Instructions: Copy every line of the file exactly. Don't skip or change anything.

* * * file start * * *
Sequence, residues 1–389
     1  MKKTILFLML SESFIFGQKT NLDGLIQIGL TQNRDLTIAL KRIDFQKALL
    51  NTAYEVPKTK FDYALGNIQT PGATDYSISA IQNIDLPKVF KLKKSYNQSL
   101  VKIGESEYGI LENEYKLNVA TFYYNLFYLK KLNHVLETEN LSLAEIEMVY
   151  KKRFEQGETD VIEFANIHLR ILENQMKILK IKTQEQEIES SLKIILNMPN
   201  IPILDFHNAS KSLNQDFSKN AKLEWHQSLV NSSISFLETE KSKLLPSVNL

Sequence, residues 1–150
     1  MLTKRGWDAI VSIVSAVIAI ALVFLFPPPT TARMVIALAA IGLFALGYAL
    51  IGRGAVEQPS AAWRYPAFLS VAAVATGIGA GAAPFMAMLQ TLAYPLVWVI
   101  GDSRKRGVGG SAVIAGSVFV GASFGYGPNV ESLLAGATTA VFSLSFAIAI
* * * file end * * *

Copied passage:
Sequence, residues 1–389
     1  MKKTILFLML SESFIFGQKT NLDGLIQIGL TQNRDLTIAL KRIDFQKALL
    51  NTAYEVPKTK FDYALGNIQT PGATDYSISA IQNIDLPKVF KLKKSYNQSL
   101  VKIGESEYGI LENEYKLNVA TFYYNLFYLK KLNHVLETEN LSLAEIEMVY
   151  KKRFEQGETD VIEFANIHLR ILENQMKILK IKTQEQEIES SLKIILNMPN
   201  IPILDFHNAS KSLNQDFSKN AKLEWHQSLV NSSISFLETE KSKLLPSVNL

Sequence, residues 1–150
     1  MLTKRGWDAI VSIVSAVIAI ALVFLFPPPT TARMVIALAA IGLFALGYAL
    51  IGRGAVEQPS AAWRYPAFLS VAAVATGIGA GAAPFMAMLQ TLAYPLVWVI
   101  GDSRKRGVGG SAVIAGSVFV GASFGYGPNV ESLLAGATTA VFSLSFAIAI